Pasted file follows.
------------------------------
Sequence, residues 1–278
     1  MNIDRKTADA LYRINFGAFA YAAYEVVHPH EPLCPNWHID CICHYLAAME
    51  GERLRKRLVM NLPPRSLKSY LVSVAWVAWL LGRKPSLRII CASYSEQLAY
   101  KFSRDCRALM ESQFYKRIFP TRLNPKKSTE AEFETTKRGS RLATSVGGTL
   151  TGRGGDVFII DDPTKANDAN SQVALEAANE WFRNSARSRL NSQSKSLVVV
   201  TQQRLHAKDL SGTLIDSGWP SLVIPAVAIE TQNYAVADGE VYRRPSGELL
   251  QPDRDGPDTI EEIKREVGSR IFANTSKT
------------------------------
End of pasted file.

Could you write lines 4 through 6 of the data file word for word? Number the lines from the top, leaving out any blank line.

   101  KFSRDCRALM ESQFYKRIFP TRLNPKKSTE AEFETTKRGS RLATSVGGTL
   151  TGRGGDVFII DDPTKANDAN SQVALEAANE WFRNSARSRL NSQSKSLVVV
   201  TQQRLHAKDL SGTLIDSGWP SLVIPAVAIE TQNYAVADGE VYRRPSGELL